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Does California’s Recall Process Actually Violate the Constitution?


Bay Area News Group


A pair of California voters are making that argument in a federal lawsuit against the state over its upcoming recall election of Gov. Gavin Newsom. Their argument is that the state’s recall process violates the equal protection clause because it “flies in the face of the federal legal principle of ‘one person, one vote.’”


How does it work?


In California’s process, voters will receive ballots with two questions. The first will ask whether Newsom should be recalled (i.e., removed) from office and the second will list the 40+ candidates to replace him, giving voters the option to make their choice.


When the dust settles, if 50% or more of voters answer “yes” to the first question, then the candidate with the most votes in the second question -- regardless of the total number of votes -- will become the governor for the rest of Newsom’s term (ending January 2023).


Why is this bad?


The plaintiffs are arguing that because of this process, voters who wish to recall Newsom get two votes (one to remove him and one for his successor), while those who wish to retain him as governor get just the one (voting “no” to question one).


The plaintiffs assert this disparity can result in a scenario in which Newsom can still be recalled despite receiving more votes against his recall than any one candidate gets for their election.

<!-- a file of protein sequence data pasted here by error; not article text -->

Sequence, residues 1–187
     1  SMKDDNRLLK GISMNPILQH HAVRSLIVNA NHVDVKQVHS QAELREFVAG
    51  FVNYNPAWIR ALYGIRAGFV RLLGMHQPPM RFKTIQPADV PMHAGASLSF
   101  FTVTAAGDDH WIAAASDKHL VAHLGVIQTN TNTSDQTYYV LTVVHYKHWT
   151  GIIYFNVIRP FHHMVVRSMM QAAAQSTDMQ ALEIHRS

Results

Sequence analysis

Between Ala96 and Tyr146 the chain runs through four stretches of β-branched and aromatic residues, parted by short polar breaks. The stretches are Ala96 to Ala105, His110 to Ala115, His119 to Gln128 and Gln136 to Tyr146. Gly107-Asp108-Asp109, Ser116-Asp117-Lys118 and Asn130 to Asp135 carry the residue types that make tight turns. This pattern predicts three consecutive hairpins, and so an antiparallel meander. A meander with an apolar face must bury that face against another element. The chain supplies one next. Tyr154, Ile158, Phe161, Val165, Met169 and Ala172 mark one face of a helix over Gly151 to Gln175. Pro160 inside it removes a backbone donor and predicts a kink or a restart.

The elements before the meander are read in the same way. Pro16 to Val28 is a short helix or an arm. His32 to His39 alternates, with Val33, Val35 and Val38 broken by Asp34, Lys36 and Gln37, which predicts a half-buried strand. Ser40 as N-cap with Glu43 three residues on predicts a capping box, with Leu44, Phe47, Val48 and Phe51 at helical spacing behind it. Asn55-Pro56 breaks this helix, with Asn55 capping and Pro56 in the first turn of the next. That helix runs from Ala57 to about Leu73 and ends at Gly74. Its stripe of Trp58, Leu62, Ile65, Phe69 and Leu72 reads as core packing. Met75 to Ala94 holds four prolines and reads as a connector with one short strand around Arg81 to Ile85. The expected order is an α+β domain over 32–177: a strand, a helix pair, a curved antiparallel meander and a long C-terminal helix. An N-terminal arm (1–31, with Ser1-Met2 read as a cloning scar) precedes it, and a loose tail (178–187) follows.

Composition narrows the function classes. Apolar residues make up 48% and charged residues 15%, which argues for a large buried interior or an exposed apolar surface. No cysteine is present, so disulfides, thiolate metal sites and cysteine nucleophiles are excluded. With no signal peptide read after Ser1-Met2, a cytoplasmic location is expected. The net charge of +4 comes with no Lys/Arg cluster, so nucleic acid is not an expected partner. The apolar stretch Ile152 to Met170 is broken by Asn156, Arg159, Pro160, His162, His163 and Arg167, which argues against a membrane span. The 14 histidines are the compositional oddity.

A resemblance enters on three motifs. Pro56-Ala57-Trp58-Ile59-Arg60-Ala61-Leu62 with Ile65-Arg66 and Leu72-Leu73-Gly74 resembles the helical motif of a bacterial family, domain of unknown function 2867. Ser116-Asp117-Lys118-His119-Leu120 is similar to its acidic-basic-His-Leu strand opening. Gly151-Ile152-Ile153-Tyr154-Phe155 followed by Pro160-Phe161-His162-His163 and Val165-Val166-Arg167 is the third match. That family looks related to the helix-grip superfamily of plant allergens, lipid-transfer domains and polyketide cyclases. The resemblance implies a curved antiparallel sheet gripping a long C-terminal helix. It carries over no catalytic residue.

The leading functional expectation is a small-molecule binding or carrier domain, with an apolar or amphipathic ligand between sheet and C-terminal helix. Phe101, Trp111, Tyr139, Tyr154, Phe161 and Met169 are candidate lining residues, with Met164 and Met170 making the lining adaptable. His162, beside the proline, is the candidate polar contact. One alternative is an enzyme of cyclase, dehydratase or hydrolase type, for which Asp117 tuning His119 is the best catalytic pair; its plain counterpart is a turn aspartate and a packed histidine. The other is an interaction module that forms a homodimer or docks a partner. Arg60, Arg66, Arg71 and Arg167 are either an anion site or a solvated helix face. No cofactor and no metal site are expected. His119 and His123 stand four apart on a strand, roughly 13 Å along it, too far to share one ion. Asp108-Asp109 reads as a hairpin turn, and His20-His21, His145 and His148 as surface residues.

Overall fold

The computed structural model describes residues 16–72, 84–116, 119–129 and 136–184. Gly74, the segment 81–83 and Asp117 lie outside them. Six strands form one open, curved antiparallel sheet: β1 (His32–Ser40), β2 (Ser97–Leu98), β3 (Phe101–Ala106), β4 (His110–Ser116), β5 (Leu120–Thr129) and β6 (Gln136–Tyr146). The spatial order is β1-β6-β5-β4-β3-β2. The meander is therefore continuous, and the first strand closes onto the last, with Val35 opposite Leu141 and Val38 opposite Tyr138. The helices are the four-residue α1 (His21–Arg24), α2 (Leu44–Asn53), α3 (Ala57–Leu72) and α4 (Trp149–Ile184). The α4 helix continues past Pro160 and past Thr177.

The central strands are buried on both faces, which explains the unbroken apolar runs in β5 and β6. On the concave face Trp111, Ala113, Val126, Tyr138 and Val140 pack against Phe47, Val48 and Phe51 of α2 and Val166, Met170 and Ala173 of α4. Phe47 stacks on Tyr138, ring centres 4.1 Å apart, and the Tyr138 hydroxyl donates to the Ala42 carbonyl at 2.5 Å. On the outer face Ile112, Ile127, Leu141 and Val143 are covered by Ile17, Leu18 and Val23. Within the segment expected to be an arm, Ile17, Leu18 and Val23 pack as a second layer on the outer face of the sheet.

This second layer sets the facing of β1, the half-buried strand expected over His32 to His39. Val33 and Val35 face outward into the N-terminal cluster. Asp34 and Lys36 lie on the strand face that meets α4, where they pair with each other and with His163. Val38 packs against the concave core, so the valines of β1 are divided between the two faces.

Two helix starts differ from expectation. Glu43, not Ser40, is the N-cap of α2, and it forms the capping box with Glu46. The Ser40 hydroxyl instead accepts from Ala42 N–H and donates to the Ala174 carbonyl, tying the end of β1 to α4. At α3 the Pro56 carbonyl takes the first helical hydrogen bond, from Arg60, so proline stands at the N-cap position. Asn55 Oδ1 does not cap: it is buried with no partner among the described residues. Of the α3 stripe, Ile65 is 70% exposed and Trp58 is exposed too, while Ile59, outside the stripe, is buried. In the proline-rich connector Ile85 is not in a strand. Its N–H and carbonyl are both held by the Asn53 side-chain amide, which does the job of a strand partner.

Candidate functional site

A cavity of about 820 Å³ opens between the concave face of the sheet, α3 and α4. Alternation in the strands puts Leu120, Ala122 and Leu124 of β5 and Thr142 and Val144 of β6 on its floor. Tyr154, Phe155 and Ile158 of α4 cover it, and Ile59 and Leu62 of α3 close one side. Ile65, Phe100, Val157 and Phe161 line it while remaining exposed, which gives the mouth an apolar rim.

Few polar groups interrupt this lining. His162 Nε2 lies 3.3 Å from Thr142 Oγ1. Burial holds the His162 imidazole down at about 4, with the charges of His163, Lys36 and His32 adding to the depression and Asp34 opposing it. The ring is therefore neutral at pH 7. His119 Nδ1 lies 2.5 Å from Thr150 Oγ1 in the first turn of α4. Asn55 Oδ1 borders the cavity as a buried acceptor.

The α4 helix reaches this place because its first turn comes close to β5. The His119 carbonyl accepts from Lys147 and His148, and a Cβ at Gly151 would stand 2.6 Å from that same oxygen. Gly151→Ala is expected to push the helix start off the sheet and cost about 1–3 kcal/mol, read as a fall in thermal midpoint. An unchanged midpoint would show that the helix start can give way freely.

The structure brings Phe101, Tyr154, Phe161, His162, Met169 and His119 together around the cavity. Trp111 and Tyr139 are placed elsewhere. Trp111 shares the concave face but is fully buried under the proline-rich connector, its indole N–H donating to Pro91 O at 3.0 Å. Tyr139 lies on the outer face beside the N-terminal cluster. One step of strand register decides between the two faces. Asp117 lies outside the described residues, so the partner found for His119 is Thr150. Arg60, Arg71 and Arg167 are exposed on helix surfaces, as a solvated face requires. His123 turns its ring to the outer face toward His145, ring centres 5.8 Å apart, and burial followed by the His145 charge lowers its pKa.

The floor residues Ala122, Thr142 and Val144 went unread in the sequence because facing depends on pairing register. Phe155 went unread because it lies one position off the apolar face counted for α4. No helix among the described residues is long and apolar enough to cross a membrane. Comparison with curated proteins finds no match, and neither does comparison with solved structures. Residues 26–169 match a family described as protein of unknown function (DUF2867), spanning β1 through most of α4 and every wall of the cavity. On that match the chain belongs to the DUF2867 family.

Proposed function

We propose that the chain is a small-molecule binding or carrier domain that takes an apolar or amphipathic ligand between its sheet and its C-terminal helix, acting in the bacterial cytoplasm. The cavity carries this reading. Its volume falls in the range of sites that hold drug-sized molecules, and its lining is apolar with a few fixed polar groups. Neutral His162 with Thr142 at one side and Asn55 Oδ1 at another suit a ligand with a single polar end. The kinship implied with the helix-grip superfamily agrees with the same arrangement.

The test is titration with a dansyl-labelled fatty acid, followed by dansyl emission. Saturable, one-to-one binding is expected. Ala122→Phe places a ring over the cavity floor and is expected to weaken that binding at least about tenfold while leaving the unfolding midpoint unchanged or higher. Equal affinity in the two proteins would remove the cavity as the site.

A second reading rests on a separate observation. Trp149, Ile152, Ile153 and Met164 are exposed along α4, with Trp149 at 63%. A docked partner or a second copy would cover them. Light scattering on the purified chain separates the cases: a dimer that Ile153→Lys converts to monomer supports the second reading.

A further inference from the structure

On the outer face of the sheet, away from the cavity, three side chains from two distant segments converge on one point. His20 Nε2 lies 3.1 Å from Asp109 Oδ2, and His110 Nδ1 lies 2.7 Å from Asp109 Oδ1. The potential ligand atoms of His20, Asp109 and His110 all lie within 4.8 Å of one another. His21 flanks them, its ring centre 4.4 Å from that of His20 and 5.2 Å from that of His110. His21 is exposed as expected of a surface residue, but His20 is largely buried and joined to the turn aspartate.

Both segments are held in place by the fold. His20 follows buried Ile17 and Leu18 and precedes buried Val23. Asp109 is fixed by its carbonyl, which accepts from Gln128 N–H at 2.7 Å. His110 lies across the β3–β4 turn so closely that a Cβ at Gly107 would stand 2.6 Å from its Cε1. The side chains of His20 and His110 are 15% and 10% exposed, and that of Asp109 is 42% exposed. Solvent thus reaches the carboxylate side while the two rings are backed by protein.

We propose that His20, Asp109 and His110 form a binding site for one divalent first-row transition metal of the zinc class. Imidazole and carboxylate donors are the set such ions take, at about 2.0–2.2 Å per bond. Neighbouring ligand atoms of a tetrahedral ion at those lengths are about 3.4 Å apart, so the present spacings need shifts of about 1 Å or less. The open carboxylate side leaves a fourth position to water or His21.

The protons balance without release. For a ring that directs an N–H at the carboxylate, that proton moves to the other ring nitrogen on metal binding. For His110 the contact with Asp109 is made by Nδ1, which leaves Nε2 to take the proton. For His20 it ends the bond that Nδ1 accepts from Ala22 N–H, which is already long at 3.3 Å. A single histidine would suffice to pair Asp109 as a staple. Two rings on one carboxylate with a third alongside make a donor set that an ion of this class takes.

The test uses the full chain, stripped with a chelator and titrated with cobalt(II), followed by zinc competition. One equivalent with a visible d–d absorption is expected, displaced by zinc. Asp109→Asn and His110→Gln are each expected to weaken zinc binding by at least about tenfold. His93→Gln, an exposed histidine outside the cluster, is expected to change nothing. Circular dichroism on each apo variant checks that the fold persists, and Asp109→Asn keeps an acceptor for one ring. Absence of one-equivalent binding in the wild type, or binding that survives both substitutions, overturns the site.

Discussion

For example, consider the scenario outlined by Law & Crime writer Elura Nanos:


“For a little math aid, consider a situation where 51% of the voters voted to recall Newsom, meaning that 49% voted to keep him. Then, votes among the replacement candidates are scattered among them such that the “winner” only receives 10% of the votes.”


In that scenario, despite 49% of voters voting for Newsom, he could be replaced by a candidate who receives only 10% of the votes.


So, is it Constitutional?


Since we’re simply a newsletter named after the world’s greatest meal/snack, we’ll leave that to the courts to decide. However, the plaintiffs do have the support of two well-regarded legal scholars, Erwin Chemerinsky and Aaron S. Edlin, who recently authored an op-ed in The New York Times making the very argument the plaintiffs are relying on now.


To remedy the issues with the process, the plaintiffs are hoping to either halt the recall election altogether, or get the ballot changed to add Newsom as an option as a replacement for himself (thereby giving his supporters two votes).


Chemerinsky and Edlin at the very least hope the court takes the question up directly, as they say in their NYT piece, the potential disruption of leadership in one of the country’s most important states “should not be a close constitutional question.”

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